“Bad Selfie: The Impact of Popular Culture on America’s Image Abroad”
Martha Bayles writes and lectures frequently about the arts, music, media, and public diplomacy. Her latest book, Through a Screen Darkly: Popular Culture, Public Diplomacy, and America’s Image Abroad (Yale 2014) was described by the Weekly Standard as “a brilliant and courageous meditation on the difficulty of communication between modern and traditional societies”; and by American Diplomacy as “the freshest and most original treatment of U.S. Public Diplomacy in many years.”
Bayles’s television column for the Wall Street Journal first established her as a significant critical voice. Her book, Hole Our Soul: The Loss of Beauty and Meaning in American Popular Music (Free Press 1994) was praised by jazz legend Sonny Rollins as “an illuminating look at where American culture is today, and how it got there.” Former literary editor of the Wilson Quarterly, Bayles has been a frequent contributor to the New York Times, Washington Post, Atlantic Monthly, New Republic, Chronicle of Higher Education, Newsweek, and many other publications. Today she writes regularly for the Boston Globe and the Weekly Standard. And since 2006 she has written the “Shadow Play” column on film and television for the Claremont Review of Books.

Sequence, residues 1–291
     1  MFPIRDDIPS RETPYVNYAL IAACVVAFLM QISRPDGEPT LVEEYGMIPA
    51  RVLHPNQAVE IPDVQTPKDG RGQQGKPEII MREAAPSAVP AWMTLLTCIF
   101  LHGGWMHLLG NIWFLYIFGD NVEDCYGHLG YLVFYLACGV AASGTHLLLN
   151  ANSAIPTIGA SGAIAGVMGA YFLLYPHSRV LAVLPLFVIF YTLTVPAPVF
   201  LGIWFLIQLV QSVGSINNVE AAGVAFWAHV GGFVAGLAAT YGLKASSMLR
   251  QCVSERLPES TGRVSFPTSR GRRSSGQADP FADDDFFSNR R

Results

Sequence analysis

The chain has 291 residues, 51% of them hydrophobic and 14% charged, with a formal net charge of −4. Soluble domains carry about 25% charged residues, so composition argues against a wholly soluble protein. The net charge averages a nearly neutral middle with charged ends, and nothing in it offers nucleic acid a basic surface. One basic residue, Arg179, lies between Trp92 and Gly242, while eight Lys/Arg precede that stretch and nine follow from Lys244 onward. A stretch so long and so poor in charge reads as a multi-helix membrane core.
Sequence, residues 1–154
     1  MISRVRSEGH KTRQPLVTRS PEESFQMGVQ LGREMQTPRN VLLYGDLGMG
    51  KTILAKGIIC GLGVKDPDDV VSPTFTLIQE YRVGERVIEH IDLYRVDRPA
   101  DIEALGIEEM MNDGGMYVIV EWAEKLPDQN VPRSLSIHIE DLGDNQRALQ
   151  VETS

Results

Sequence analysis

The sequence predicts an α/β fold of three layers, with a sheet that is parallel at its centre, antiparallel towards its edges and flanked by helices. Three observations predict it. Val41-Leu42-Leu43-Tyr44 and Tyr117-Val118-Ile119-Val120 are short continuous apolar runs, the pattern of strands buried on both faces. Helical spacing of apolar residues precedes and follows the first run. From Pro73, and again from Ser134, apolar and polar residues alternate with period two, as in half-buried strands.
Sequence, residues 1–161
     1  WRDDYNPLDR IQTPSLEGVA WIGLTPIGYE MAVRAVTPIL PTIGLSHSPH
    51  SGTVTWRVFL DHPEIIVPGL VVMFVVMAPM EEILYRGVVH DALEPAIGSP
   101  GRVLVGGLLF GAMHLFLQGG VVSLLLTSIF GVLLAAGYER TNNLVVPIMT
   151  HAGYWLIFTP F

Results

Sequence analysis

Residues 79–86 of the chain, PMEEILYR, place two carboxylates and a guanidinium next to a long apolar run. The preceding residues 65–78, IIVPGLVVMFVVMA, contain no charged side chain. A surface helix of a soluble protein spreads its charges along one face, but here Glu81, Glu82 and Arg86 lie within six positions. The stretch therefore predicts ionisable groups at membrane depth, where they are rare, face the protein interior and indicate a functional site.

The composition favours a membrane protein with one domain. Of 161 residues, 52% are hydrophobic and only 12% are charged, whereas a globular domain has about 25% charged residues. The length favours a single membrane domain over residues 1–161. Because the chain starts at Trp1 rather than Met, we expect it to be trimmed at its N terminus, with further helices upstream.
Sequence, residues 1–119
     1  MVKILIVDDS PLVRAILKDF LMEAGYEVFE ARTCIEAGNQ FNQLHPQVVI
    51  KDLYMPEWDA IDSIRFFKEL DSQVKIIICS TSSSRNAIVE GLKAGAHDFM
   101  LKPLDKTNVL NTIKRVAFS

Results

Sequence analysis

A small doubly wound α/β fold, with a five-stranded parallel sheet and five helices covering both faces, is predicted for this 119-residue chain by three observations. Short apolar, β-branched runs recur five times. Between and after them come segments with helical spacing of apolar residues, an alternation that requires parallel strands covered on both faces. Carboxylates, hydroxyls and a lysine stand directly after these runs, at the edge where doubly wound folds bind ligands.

A native of Boston, Bayles has been a Visiting Scholar at the Getty Institute in Los Angeles, a Fulbright Lecturer in Poland, and arts correspondent for the PBS program, “Religion & Ethics Newsweekly.” After graduating from Harvard she taught public school in Philadelphia, Boston, and Cambridge, Massachusetts. Between 1997 and 2003 she was professor of humanities at Claremont McKenna College in Claremont, California. In 2003 she joined the faculty of the Boston College Arts & Sciences Honor Program, where she is now Visiting Associate Professor of the Practice of the Humanities. She lives in Newton, Massachusetts with her husband, Peter Skerry.